The Salton Sea is a true geographical anomaly located north of the Mexican border in southeast California. This broad shimmering stretch of water is truly out of place against the vast desert landscape, but via a massive irrigation system the south side of Salton Sea has been transformed into one of the most productive agricultural areas in the nation, producing crops year-round. The region’s variety of habitats with wetlands, desert scrub, and ag areas supports a diversity of birds, ranging from wading birds to ducks and geese to White-faced Ibis and Long-billed Curlews, Common Ground Doves, Abert’s Towhees, Gambel’s Quail, birds of prey including Burrowing Owl populations, and even wintering Mountain Plovers!
The Everglades may be the best location in the United States to see a Wood Stork – always a thrill – and with some luck and morning sunlight, a spread-wing flight photo is a possibility as a variety of wading birds fly to and from a nesting rookery (400mm telephoto lens, f-7 aperture, 1/2500 shutter speed, 400 ISO).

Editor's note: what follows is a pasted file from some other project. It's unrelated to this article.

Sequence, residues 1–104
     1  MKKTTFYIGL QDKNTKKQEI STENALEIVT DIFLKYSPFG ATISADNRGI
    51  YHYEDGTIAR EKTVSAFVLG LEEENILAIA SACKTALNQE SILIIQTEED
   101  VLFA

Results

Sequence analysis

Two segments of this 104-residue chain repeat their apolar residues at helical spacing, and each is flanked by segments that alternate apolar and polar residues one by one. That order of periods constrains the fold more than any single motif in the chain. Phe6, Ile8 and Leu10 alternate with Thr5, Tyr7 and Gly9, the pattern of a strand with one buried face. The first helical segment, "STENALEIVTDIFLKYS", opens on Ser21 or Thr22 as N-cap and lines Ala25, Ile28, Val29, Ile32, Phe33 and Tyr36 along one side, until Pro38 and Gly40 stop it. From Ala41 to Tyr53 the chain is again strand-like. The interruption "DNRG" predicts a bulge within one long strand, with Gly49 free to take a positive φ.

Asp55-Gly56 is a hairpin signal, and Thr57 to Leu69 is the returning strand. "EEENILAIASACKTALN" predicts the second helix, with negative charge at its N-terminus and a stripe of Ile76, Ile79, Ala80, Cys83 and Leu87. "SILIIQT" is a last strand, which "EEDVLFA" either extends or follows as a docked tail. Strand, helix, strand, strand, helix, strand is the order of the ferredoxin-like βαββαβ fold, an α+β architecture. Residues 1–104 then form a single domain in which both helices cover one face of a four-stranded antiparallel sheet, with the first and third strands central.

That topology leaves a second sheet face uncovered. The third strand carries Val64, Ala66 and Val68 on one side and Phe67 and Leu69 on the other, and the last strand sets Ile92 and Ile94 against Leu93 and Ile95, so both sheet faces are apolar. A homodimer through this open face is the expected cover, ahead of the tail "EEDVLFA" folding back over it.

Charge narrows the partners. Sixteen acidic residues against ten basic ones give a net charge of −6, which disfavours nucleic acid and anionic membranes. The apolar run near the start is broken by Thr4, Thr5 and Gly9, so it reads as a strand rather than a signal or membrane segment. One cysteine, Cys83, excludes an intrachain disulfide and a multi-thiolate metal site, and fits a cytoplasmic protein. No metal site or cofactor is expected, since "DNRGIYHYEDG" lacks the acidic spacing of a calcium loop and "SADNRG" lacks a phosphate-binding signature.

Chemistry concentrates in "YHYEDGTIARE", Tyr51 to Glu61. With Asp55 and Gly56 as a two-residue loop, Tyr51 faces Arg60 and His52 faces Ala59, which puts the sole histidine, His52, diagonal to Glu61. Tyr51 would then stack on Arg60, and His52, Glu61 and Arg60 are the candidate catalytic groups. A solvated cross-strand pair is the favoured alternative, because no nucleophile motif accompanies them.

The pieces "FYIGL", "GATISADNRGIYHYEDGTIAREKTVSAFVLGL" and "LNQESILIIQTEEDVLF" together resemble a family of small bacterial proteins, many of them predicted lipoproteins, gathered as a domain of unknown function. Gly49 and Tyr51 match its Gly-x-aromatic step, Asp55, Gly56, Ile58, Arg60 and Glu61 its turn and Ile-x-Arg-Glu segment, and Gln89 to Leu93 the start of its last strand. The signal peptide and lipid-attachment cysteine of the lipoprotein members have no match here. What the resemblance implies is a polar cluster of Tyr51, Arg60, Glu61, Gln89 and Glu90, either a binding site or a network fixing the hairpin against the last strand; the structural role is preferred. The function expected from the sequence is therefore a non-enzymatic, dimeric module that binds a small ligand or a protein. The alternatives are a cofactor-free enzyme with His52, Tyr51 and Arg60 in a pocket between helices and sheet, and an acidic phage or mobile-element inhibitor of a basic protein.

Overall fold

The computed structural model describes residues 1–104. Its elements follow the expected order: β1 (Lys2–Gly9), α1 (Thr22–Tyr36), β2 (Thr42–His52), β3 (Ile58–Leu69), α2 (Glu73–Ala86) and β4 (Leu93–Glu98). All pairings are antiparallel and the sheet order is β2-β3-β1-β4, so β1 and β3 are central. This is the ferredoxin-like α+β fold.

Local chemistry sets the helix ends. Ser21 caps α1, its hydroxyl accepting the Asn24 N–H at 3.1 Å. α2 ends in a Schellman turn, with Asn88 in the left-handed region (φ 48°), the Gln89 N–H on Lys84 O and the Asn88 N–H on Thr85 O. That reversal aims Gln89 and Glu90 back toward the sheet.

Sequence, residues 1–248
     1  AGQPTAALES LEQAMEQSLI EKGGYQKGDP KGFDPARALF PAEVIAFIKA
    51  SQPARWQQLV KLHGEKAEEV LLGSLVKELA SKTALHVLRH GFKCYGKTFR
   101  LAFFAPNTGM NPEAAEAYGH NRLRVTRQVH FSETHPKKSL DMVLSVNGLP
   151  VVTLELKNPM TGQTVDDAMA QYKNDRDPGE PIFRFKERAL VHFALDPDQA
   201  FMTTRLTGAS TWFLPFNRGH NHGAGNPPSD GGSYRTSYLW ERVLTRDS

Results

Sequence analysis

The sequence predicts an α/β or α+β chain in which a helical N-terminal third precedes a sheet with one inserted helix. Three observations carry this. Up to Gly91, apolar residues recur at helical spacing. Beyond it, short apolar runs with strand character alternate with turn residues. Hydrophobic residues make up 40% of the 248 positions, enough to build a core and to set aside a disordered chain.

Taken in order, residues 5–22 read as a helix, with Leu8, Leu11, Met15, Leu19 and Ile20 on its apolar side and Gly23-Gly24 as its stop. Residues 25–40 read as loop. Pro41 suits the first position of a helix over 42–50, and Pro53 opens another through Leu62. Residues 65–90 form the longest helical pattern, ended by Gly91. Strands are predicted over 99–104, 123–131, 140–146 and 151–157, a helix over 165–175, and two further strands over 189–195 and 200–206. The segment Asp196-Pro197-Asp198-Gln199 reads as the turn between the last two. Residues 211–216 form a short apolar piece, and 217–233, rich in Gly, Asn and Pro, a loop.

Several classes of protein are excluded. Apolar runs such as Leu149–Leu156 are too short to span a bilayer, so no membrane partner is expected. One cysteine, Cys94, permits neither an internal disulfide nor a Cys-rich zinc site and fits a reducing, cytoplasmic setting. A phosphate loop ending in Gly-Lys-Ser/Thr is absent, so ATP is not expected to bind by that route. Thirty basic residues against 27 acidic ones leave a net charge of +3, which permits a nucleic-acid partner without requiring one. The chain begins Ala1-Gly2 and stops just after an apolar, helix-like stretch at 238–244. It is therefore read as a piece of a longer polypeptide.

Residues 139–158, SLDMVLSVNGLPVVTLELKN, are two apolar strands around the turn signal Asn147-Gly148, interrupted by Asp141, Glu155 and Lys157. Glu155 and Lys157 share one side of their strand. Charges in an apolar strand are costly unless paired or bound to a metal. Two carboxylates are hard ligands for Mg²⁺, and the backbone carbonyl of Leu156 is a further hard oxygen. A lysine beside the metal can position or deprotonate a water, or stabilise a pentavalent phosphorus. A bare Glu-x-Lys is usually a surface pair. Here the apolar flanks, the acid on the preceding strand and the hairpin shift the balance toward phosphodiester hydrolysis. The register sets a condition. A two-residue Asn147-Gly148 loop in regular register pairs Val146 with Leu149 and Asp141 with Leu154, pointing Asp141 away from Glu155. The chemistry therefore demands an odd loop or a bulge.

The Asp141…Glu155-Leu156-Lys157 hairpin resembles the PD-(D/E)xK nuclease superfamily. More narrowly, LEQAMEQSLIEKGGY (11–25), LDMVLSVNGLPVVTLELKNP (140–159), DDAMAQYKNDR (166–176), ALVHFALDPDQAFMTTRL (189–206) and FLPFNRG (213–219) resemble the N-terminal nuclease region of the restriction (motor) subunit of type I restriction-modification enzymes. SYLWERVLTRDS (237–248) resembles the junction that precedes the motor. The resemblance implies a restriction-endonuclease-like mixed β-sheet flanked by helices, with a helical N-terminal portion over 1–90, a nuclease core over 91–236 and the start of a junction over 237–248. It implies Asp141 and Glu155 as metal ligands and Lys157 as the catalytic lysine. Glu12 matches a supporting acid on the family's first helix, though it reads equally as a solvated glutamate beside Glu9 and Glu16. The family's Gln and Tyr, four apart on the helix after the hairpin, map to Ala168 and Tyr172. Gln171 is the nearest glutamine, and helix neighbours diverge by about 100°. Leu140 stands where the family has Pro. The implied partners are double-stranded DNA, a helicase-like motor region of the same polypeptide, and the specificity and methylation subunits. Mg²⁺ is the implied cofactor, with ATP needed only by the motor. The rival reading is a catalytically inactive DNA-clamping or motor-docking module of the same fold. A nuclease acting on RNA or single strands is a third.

I tend to focus my photo visits at the southern end of the region, centered around the Sony Bono Salton Sea National Wildlife Refuge. The southern shore of the “Sea” attracts a variety of wading birds and gulls, some shorebirds along with waterbirds and ducks; ibis and curlews are more often found in open hayfields, as are feeding Ross’s Geese during winter. Watch the topsides of irrigation channels for Burrowing Owls that utilize California Ground Squirrel burrows, and you never know what interesting off-course rare birds might be on hand – like a Tundra Bean Goose or Blue-footed Booby, although a Yellow-footed Gull would be more likely. The Salton Sea attracts a different mix of birds that share the area with the native species, and in the beautiful desert sunlight of late winter and early spring there is always a diversity of photo subjects.